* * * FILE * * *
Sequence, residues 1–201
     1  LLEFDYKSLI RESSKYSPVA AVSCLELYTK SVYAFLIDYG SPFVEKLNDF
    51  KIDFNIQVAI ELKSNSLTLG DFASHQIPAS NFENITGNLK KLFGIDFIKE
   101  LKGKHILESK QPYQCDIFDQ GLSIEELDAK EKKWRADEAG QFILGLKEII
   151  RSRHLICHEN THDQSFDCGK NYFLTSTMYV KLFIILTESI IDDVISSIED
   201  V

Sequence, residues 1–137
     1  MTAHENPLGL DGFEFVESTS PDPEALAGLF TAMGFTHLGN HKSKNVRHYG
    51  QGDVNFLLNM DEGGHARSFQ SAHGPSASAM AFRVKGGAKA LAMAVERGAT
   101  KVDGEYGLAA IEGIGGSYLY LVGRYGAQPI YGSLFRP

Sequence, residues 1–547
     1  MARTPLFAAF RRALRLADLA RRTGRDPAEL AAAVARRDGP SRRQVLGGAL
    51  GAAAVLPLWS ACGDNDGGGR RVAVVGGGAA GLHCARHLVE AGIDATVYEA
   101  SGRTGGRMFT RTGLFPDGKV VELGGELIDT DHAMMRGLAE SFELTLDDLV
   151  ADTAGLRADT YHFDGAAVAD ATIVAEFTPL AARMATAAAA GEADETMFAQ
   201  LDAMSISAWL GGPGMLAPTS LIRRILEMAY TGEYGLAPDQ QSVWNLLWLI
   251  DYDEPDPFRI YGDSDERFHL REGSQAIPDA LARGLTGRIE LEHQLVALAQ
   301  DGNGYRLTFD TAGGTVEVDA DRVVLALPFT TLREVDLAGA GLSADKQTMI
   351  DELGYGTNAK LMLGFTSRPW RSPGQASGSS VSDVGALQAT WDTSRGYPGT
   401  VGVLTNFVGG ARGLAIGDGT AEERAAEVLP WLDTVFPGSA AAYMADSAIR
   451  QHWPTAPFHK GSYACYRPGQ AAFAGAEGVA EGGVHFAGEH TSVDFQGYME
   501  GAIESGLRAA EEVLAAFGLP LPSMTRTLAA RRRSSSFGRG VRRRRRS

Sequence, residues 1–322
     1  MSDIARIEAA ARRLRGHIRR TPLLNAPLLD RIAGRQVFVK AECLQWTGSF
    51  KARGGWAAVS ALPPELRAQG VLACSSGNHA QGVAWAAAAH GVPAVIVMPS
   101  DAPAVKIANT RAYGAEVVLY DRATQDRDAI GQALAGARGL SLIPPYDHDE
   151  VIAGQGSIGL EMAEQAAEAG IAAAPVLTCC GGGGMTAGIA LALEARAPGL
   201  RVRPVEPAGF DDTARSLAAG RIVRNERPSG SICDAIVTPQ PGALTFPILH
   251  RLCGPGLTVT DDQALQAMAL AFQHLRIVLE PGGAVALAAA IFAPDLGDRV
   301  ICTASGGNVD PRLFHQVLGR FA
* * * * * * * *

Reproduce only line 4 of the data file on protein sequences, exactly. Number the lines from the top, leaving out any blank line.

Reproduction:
   101  LKGKHILESK QPYQCDIFDQ GLSIEELDAK EKKWRADEAG QFILGLKEII